Afghanistan's Ghani blames 'abrupt' US withdrawal for worsening security

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Afghanistan’s President Ashraf Ghani blamed the country’s deteriorating security Monday on Washington deciding “abruptly” to withdraw its troops.

"The reason for our current situation is that the decision was taken abruptly," he told parliament, adding he had warned Washington the withdrawal would have "consequences".

Ghani spoke as the country's security forces struggled to keep the Taliban at bay.

In southern Afghanistan, fighting continued in Helmand province’s capital of Lashkar Gah overnight as Afghan forces beat back a fresh assault from the Taliban.

"Afghan forces on the ground and by air strikes repelled the attack," the military in Helmand said.

Resident Hawa Malalai warned of a growing crisis in the city: "There is fighting, power cuts, sick people in hospital, the telecommunication networks are down. There are no medicines and pharmacies are closed."

Helmand for years was the centrepiece of the US and British military campaign in Afghanistan – only for it to slip deeper into instability.

The vast poppy fields in the province provide the lion's share of the opium for the international heroin trade – making it a lucrative source of tax and cash for the Taliban.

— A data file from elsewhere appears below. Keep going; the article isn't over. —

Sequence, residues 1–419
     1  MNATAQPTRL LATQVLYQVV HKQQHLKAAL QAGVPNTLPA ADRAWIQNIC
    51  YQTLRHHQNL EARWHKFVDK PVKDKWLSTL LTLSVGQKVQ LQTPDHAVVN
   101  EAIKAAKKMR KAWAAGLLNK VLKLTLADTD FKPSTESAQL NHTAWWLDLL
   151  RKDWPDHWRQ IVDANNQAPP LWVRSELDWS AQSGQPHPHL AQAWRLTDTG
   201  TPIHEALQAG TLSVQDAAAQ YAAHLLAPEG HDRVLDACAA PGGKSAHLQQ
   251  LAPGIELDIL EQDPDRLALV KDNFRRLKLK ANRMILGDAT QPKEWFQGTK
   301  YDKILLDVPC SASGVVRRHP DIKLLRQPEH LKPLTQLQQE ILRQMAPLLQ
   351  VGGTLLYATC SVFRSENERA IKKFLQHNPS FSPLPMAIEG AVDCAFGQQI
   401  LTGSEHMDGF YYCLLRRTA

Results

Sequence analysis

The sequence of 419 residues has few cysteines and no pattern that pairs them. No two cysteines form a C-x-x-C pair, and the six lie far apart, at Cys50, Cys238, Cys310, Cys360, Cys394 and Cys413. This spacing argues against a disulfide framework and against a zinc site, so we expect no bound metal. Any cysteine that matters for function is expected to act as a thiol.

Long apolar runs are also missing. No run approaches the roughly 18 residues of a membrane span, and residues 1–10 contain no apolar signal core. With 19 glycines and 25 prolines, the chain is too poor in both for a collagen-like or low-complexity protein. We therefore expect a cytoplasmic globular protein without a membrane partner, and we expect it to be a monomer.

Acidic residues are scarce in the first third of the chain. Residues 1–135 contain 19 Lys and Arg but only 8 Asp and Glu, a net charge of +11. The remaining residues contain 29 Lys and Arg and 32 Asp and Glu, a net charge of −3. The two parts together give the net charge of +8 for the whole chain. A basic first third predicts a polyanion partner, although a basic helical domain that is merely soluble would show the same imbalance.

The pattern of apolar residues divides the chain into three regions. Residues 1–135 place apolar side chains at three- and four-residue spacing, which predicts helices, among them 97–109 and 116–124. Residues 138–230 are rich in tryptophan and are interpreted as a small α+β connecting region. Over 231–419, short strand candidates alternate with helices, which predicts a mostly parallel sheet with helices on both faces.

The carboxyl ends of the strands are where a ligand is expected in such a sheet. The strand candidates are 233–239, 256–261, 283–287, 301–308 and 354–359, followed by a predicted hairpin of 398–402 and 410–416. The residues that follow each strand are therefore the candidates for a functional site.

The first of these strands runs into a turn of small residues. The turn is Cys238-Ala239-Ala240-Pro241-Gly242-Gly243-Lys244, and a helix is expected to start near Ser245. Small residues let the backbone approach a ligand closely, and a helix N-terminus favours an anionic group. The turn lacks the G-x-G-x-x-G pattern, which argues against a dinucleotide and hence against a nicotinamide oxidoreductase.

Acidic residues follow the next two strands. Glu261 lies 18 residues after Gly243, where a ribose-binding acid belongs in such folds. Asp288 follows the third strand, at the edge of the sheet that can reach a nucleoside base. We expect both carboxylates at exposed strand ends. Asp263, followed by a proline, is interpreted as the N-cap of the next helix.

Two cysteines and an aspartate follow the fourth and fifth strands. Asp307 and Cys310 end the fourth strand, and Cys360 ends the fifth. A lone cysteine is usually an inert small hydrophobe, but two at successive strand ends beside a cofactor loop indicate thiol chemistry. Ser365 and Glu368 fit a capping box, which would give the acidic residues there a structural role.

The loss of Lashkar Gah would be a massive strategic and psychological blow for the government, which has pledged to defend provincial capitals at all costs after losing much of the rural countryside to the Taliban over the summer.

'Organised command and leadership'

Fighting also surged in some districts of Kandahar province, the former bastion of the insurgents, and on the outskirts of its capital.

Kandahar airport came under attack overnight Sunday, with the Taliban firing rockets that damaged the runway, leading to the suspension of flights for several hours.

The facility is vital to maintaining the logistics and air support needed to keep the Taliban from overrunning the city, while also providing air support over large tracts of southern Afghanistan – including nearby Lashkar Gah.